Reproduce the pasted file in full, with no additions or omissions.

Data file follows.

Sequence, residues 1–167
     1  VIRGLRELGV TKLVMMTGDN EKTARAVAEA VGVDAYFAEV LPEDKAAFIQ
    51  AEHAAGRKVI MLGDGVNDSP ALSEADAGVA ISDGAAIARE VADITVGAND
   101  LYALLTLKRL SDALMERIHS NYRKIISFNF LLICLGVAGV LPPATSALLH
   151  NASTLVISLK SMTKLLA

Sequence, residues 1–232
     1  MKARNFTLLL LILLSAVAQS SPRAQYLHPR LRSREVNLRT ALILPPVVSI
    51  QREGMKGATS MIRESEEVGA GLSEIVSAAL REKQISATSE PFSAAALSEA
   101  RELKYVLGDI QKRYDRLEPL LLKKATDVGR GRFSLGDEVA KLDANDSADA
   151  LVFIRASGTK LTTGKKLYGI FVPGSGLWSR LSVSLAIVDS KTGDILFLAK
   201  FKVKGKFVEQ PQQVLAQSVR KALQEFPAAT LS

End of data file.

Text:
Sequence, residues 1–167
     1  VIRGLRELGV TKLVMMTGDN EKTARAVAEA VGVDAYFAEV LPEDKAAFIQ
    51  AEHAAGRKVI MLGDGVNDSP ALSEADAGVA ISDGAAIARE VADITVGAND
   101  LYALLTLKRL SDALMERIHS NYRKIISFNF LLICLGVAGV LPPATSALLH
   151  NASTLVISLK SMTKLLA

Sequence, residues 1–232
     1  MKARNFTLLL LILLSAVAQS SPRAQYLHPR LRSREVNLRT ALILPPVVSI
    51  QREGMKGATS MIRESEEVGA GLSEIVSAAL REKQISATSE PFSAAALSEA
   101  RELKYVLGDI QKRYDRLEPL LLKKATDVGR GRFSLGDEVA KLDANDSADA
   151  LVFIRASGTK LTTGKKLYGI FVPGSGLWSR LSVSLAIVDS KTGDILFLAK
   201  FKVKGKFVEQ PQQVLAQSVR KALQEFPAAT LS